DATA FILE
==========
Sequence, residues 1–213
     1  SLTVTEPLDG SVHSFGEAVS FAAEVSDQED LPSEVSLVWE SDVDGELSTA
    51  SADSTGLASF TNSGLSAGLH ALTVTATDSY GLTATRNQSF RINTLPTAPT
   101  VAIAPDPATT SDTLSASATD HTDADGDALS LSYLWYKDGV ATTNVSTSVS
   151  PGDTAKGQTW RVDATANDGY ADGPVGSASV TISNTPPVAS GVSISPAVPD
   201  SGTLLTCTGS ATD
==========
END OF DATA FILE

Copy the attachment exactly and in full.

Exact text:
Sequence, residues 1–213
     1  SLTVTEPLDG SVHSFGEAVS FAAEVSDQED LPSEVSLVWE SDVDGELSTA
    51  SADSTGLASF TNSGLSAGLH ALTVTATDSY GLTATRNQSF RINTLPTAPT
   101  VAIAPDPATT SDTLSASATD HTDADGDALS LSYLWYKDGV ATTNVSTSVS
   151  PGDTAKGQTW RVDATANDGY ADGPVGSASV TISNTPPVAS GVSISPAVPD
   201  SGTLLTCTGS ATD